A major virtue of being the largest democracy is that the amount of data – historical and otherwise – is immense. It provides ample fodder for psephology – the scientific analysis of elections, making India an interesting space for psephologists. In our previous post in State Craft, I illustrated how difficult it can be to accurately record primary data on how voters are likely to vote. In this post I will share how incredibly complex can be studying the historical data, and how variable its predictions.
Why is Psephology complex in India
- Heterogeneous voter profiles: It is difficult (and foolhardy) to generalise voters, even within constituencies given multiple languages, cultures and socio-economic backgrounds. Increasingly we are acknowledging the individuality of niches or tribes, groups which can loosely be considered homogenous.
- Multipolar nature of elections: As much as it may appear so prima facie through main stream media, elections are rarely ever binary in nature and issues. There are several factors at play and each “tribe” has their own expectations, quite frequently they maybe mutually exclusive.
- Party alliances: Pre-poll and potential post-poll alliances are difficult to factor in. The former are relatively easier though, since the very primary basis for forming them is the sum of all parts being greater. Predicting the possibility of post-poll alliances is one thing, given the multiple permutations that are possible, their stability is another.
- Star campaigners: Icons and faces of the campaigns can give the elections a polar nature but the extent to which they affect individual and group voter sentiments varies.
Furthermore, these variables compound their mutual effects.
Considering the above it isn’t a surprise that most psychologists’ predictions are usually off the mark, and the best that one can do is develop various scenarios. In Formula 1 racing, for instance, teams have software that can account for a variety of variables and possibilities and simulate how it can affect their driver, real time; and therefore what is the IDEAL course of action. If Driver’s Championship challenger – Ferrari’s Sebastian Vettel is running Position 4 by lap 30 in the Singapore GP (which is this weekend) and McLaren’s Fernando Alonso who is 35 seconds behind him in P10, crashes at turn 11, should Sebastian come into the pits and get his tyres changed? There is only one right answer to this.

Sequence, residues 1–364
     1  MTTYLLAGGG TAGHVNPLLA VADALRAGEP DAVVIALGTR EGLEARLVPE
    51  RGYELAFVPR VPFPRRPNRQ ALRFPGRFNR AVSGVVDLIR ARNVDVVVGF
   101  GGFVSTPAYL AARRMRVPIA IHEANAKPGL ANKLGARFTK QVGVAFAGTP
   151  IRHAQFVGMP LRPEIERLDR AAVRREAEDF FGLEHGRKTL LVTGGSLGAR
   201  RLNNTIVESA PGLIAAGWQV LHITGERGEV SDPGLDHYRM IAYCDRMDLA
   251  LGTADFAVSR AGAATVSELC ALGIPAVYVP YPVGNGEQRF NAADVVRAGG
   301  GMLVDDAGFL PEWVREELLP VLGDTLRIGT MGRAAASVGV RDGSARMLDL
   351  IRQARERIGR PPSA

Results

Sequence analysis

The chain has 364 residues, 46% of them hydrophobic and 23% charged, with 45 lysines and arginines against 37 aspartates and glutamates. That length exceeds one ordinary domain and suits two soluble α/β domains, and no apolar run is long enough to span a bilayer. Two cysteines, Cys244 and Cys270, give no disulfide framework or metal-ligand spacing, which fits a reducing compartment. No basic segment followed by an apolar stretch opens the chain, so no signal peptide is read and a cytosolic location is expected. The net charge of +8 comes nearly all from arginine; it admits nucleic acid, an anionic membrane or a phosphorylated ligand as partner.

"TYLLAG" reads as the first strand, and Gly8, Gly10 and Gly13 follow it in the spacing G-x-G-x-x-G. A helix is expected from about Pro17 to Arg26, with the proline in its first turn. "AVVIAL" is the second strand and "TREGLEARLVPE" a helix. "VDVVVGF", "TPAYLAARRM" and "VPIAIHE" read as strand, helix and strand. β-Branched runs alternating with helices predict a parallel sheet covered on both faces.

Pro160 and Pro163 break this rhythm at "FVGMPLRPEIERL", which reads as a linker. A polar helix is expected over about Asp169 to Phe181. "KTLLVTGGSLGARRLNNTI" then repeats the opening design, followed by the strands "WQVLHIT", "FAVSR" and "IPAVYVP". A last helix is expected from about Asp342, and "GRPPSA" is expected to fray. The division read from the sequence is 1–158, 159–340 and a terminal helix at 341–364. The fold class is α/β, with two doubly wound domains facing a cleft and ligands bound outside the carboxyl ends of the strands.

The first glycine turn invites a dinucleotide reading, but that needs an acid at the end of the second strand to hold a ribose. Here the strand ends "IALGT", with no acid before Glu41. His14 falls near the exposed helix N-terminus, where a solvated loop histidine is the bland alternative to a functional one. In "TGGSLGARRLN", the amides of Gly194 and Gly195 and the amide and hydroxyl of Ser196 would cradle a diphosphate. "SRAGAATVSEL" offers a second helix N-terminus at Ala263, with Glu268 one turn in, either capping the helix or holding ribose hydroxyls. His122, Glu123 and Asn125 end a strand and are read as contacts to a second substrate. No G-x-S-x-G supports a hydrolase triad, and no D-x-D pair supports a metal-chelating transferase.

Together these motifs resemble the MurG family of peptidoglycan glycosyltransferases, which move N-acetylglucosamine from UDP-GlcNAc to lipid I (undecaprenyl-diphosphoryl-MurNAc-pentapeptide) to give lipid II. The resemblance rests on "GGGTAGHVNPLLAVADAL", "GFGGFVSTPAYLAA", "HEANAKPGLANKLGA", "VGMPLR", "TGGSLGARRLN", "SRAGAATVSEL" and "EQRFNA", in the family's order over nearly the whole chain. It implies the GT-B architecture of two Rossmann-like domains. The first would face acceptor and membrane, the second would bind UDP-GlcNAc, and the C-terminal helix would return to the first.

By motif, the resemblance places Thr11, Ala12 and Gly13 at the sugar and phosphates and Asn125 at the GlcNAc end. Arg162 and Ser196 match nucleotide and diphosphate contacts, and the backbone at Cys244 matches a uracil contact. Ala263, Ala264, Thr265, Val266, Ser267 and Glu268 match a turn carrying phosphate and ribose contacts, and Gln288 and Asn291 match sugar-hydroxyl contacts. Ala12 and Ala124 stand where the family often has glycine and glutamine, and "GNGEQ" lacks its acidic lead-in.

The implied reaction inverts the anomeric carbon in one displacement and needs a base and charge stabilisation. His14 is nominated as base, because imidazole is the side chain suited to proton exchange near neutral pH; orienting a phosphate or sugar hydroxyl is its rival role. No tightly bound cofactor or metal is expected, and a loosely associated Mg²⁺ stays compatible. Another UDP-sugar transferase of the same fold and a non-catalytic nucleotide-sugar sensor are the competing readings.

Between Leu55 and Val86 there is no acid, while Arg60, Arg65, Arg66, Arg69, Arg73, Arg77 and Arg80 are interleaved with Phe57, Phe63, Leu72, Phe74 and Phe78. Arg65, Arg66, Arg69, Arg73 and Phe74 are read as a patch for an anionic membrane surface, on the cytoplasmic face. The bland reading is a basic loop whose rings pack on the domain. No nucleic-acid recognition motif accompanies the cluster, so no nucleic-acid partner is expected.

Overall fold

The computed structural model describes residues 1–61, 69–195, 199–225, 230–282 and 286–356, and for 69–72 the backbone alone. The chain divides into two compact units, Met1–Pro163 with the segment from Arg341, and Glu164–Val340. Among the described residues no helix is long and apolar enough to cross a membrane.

The first step of such a multivariate analysis is to identify the multiple variables. Identifying the factors that are truly relevant can be tricky and requires an extremely scientific approach, thoroughly stripped of subjective biases. Once inherently biased factors have been eliminated and you can test out factors – or independent variables – that you think matter. Such hypothesis testing can be meticulous and expensive, but highly rewarding. The second is define dependant variables – the precise outcome of the dependant variables that you want to study, which may or may not be very objective.
For instance, in UP elections of 2017, multiple independent variables were thought to be impactful – such as caste and religious equations, socio-economic backgrounds, geographies, whether constituents are beneficiaries of various state and central schemes, and so on. In actuality, according to some psephologists’ retrospective studies, state-driven schemes by and large were inconsequential, especially in comparison with central schemes. This is counterintuitive and could have been tested in a controlled environment, in case someone was looking for it. Its outcome, or the dependant variable could be a range of predispositions towards certain parties, which could manifest in the form of willingness to step out to vote, or to cast a vote for a certain party or influence others to do so. This is a check of the interdependencies of the dependant and independent variables and the degree thereof.
Naturally, this act of translating subjective aspects of human decision making into measurable is incredibly complicated, expensive and prone to errors. But the size of the voting populace offers a natural advantage – that error can be minimised over a large amount of samples. So it remains a function of money.
Previously on State Craft